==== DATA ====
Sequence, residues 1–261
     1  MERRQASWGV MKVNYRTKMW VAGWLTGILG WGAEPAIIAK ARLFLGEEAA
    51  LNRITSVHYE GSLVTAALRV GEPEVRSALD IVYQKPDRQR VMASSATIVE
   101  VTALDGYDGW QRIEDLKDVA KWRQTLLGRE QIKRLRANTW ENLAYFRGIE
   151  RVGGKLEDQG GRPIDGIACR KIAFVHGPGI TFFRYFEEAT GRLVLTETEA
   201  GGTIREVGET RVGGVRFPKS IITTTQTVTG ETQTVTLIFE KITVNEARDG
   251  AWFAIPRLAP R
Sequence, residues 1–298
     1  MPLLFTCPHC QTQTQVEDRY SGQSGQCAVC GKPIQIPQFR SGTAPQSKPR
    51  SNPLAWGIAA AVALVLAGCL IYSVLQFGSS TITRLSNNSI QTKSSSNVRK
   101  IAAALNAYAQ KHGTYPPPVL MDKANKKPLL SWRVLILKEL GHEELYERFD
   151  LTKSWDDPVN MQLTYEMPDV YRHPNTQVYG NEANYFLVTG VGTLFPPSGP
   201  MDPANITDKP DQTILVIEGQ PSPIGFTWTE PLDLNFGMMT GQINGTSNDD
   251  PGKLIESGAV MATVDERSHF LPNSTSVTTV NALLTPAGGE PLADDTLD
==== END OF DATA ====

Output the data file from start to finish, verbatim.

Sequence, residues 1–261
     1  MERRQASWGV MKVNYRTKMW VAGWLTGILG WGAEPAIIAK ARLFLGEEAA
    51  LNRITSVHYE GSLVTAALRV GEPEVRSALD IVYQKPDRQR VMASSATIVE
   101  VTALDGYDGW QRIEDLKDVA KWRQTLLGRE QIKRLRANTW ENLAYFRGIE
   151  RVGGKLEDQG GRPIDGIACR KIAFVHGPGI TFFRYFEEAT GRLVLTETEA
   201  GGTIREVGET RVGGVRFPKS IITTTQTVTG ETQTVTLIFE KITVNEARDG
   251  AWFAIPRLAP R
Sequence, residues 1–298
     1  MPLLFTCPHC QTQTQVEDRY SGQSGQCAVC GKPIQIPQFR SGTAPQSKPR
    51  SNPLAWGIAA AVALVLAGCL IYSVLQFGSS TITRLSNNSI QTKSSSNVRK
   101  IAAALNAYAQ KHGTYPPPVL MDKANKKPLL SWRVLILKEL GHEELYERFD
   151  LTKSWDDPVN MQLTYEMPDV YRHPNTQVYG NEANYFLVTG VGTLFPPSGP
   201  MDPANITDKP DQTILVIEGQ PSPIGFTWTE PLDLNFGMMT GQINGTSNDD
   251  PGKLIESGAV MATVDERSHF LPNSTSVTTV NALLTPAGGE PLADDTLD